Bengt bought his first HUDDIG 25 years ago and since then he has remained faithful to the brand
Bengt Thisner, owner of BT Schakt och Gräv AB in Uppsala, is a true backhoe loader fan. His interest in machinery, agriculture and entrepreneurship was born early on. As Bengt grew up on a farm, he got his hands dirty helping from a young age. The first time he test drove a backhoe loader he was only ten years old. In 1990 Bengt bought his first backhoe loader, a Volvo BM 646 from 1983. Just over five years later, he bought his first HUDDIG, a used 760 from 1990. Since then he has managed to make use of several models launched by the company and he has always remained faithful to the brand.
Bengt has been the sole owner of BT Schakt och Gräv AB since its start in 1990. He has no employees and does all the company’s work himself. Since Bengt bought his first used HUDDIG in 1995, his company has owned a HUDDIG 860, two HUDDIG 1060s and two HUDDIG 1260s. In addition to being a contractor, Bengt has a farm on an old family estate in Ramsa outside Uppsala, where he lives with his three daughters. In order to give himself a little more time, he has rented the farm itself out since 2002.
Over the past 26 years, BT Schakt och Gräv AB has mainly worked for PEAB in Uppsala. Bengt and his HUDDIG act as a service machine and perform all types of jobs. Snow ploughing, excavation work, water and sewage projects, digging building foundations, restoration work and cable work. No two days are the same. Something that Bengt appreciates.
“The main advantage of a backhoe loader is clearly the versatility and flexibility. I can take on all sorts of work, which gives me a lot of freedom. Having a machine standing still is expensive, so it’s important to have a regular flow of steady work. With my HUDDIG, I have work every day all year round, regardless of the weather, which of course is good for profitability,” says Bengt.
Many people believe that the capacity of a backhoe loader is significantly less than an excavator, but according to Bengt that’s not true.
“It’s a question of fully exploiting the front bucket to get the maximum capacity from the machine. It may require a little bit of experience and familiarity to get to it from a HUDDIG, but once you have learned, it is both quick and easy,” says Bengt. “The precision of the hydraulics in a HUDDIG is also superior. The machine is very quiet and gentle, which ensures the hydraulics work optimally.”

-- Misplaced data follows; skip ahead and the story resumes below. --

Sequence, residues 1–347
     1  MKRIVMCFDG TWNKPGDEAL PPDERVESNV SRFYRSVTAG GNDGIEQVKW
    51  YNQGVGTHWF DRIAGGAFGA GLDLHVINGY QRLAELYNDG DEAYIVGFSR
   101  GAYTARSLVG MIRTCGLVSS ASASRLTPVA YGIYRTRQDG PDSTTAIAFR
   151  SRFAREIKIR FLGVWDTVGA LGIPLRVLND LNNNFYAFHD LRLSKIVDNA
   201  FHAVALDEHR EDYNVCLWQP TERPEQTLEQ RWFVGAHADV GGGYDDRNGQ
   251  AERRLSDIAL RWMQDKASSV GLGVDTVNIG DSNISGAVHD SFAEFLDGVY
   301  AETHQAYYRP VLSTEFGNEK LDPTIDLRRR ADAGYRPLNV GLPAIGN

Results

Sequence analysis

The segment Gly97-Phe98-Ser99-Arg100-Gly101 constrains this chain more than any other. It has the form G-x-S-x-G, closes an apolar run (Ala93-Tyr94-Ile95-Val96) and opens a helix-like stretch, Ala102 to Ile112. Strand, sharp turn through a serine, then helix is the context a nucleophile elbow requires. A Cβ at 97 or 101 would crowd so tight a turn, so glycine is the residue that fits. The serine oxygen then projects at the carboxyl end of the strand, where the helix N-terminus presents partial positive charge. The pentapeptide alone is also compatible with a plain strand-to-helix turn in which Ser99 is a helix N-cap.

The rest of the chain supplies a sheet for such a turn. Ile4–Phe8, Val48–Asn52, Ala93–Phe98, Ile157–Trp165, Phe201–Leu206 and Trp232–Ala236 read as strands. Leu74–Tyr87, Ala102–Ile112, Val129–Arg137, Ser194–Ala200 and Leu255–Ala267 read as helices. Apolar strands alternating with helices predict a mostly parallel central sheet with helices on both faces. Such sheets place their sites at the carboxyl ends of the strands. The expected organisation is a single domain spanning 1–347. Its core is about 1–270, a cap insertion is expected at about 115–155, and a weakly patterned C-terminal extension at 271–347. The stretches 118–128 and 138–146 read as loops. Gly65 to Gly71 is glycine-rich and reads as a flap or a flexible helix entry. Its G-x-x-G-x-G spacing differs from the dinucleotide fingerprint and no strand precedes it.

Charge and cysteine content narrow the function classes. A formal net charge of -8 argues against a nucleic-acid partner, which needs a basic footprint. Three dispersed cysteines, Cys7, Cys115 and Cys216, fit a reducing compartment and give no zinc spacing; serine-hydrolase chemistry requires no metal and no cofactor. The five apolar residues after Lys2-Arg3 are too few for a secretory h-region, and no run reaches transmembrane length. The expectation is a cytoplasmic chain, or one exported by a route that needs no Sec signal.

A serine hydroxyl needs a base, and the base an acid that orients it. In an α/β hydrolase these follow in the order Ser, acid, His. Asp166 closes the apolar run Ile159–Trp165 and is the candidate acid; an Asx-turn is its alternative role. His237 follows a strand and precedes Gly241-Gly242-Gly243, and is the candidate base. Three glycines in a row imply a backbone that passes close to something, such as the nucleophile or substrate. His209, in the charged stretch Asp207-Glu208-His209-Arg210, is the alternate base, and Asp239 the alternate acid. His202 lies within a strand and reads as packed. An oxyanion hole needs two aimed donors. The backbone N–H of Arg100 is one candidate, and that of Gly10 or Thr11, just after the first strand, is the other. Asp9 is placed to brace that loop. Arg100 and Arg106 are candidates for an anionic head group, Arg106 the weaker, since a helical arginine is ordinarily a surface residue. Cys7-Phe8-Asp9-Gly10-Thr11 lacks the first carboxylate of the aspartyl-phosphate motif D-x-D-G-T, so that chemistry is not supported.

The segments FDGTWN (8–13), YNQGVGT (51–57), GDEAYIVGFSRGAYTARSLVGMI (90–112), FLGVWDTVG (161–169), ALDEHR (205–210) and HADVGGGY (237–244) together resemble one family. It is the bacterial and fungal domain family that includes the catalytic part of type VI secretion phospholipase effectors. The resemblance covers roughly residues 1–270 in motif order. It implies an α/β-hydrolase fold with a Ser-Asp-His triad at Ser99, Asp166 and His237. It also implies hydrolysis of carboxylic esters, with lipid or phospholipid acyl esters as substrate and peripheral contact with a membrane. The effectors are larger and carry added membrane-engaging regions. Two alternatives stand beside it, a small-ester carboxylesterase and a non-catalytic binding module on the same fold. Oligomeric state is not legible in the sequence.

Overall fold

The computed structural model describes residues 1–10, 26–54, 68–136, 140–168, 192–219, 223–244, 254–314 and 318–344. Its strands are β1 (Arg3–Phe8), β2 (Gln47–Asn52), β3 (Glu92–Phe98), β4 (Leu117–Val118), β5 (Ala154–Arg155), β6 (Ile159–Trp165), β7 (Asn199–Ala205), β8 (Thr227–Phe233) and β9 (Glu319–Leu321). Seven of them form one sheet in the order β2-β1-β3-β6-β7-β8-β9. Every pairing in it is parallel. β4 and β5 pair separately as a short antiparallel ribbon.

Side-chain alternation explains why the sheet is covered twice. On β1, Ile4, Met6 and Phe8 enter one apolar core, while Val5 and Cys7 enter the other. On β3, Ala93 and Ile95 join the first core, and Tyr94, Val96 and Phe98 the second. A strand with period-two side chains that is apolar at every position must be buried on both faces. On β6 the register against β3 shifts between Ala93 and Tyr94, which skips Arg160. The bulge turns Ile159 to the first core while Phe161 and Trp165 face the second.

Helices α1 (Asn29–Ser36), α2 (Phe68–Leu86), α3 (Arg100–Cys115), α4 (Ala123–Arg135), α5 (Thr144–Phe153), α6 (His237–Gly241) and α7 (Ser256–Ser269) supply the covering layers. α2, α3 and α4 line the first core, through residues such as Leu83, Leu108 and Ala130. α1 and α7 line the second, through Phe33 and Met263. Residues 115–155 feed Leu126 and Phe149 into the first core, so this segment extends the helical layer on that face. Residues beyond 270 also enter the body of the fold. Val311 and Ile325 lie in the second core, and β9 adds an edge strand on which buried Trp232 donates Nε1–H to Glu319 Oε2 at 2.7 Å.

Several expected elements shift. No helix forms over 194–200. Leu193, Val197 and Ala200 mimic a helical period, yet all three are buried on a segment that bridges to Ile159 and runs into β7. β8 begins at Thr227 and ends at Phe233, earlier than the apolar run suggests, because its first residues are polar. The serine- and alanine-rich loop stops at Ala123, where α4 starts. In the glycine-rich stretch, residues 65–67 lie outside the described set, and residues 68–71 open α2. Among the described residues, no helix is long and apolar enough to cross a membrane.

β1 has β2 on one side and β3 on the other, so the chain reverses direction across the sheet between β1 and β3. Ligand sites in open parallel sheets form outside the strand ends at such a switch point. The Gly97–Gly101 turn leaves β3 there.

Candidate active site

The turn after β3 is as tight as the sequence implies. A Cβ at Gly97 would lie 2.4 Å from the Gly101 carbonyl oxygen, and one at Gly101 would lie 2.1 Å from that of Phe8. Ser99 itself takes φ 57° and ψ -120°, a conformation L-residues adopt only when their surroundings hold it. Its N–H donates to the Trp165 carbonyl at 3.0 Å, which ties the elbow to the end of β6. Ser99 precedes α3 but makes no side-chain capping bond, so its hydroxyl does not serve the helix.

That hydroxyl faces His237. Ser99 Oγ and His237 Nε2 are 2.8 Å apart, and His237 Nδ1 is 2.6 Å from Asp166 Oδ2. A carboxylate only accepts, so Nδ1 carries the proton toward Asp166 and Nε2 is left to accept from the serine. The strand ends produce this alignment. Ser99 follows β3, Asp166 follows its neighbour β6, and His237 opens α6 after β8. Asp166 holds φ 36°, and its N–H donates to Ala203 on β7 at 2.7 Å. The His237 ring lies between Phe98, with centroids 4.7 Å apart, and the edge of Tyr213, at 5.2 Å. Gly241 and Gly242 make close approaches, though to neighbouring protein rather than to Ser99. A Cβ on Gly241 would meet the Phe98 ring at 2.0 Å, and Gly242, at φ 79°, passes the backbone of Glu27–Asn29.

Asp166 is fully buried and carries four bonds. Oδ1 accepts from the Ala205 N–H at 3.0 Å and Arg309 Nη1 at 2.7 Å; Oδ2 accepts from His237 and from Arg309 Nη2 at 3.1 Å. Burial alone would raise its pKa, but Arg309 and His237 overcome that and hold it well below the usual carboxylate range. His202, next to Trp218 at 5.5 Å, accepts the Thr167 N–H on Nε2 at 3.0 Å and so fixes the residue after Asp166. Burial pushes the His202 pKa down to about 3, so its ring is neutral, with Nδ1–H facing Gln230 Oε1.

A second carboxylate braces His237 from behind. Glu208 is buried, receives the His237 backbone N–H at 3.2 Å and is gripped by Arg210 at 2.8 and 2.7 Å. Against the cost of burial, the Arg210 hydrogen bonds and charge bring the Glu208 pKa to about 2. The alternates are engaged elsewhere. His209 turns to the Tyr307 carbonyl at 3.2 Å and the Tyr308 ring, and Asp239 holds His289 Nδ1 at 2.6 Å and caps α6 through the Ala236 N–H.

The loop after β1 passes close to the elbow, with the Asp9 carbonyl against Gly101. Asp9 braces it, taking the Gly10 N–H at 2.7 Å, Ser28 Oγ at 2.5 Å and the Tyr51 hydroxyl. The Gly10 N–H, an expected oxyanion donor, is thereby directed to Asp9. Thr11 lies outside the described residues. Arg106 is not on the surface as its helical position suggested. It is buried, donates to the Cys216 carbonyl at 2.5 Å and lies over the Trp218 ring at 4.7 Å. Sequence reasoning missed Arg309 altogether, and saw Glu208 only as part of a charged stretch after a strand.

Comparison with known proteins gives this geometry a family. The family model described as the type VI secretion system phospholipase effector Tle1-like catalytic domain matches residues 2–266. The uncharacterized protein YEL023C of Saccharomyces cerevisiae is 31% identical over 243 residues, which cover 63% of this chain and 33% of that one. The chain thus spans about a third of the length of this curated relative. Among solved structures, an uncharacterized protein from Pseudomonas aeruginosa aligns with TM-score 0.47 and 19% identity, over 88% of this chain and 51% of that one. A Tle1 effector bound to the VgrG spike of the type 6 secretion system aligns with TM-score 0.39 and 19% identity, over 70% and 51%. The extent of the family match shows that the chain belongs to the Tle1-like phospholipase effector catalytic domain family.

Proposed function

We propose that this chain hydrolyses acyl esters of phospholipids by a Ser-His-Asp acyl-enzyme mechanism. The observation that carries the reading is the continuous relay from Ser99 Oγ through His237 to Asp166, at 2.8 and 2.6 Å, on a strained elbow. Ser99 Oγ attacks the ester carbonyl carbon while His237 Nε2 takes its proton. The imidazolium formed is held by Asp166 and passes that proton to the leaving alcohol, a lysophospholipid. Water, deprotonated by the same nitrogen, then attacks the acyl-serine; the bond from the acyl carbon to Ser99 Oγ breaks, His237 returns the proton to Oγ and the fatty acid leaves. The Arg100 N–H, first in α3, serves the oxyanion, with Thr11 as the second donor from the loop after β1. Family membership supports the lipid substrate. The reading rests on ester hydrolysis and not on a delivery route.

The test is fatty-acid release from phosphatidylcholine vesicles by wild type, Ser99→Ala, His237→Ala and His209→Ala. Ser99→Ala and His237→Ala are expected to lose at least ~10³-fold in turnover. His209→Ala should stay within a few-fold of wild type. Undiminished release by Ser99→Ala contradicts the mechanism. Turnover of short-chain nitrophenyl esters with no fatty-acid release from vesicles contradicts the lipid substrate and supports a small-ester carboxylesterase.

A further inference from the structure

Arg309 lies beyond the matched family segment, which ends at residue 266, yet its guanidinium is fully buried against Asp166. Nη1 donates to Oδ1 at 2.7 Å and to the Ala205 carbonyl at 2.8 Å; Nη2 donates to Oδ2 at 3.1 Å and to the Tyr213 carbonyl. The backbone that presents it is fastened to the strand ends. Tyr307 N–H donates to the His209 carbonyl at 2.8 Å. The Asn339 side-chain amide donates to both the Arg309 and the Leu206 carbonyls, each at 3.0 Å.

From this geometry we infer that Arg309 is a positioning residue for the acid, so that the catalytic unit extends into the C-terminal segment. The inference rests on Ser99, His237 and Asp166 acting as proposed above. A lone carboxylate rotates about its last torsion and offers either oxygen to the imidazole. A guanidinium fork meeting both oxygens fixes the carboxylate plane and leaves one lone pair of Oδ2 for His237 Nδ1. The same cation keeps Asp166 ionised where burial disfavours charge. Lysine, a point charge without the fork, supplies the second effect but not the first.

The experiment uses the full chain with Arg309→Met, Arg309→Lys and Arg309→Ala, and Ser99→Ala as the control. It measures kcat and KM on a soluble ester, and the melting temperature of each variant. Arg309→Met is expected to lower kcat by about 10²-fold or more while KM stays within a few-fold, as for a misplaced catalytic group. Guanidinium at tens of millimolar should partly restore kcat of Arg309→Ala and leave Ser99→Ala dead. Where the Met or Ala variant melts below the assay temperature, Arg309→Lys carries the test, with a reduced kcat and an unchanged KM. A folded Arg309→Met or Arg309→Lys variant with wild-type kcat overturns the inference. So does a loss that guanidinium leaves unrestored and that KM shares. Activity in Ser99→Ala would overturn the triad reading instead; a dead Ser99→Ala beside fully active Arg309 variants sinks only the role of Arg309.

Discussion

Bengt’s company has also been a member of the ‘Upplands Schakt’ association in Uppsala since 1990. The members jointly own the association and get jobs passed on to them through a queuing system. At the moment Bengt is not doing that many jobs for the association, apart from smaller odd jobs, because he is busy with PEAB.
About two years ago, Bengt was asked by Huddig if he would consider test driving a machine with a new engine, something Bengt accepted immediately. For some years, Huddig has been involved in a development project together with the American engine manufacturer Cummins on stage V engines.
Stage V is the next emission stage in Europe and will be sold as Tier VI Final in the American market.
The test project Bengt has been involved in has been conducted under great secrecy since autumn 2017 and will now be completed in spring. The main difference with the new engine is that it uses less diesel and emits fewer particles, but retains the power.
“There is a computer in the machine that records everything I do, so Cummins has been able to follow the project from the USA,” says Bengt. This spring the engine will be sent back to the USA for evaluation. “It will be exciting to see what they come up with,” says Bengt.
Thanks to the tests carried out in collaboration with Bengt, Huddig will be in a good position when the new emission requirements come into force.
At the moment Bengt is using a HUDDIG 1260C in the company, but he has plans to invest in a new machine eventually. He hasn’t decided precisely when yet, but one thing is certain, it will be a HUDDIG again.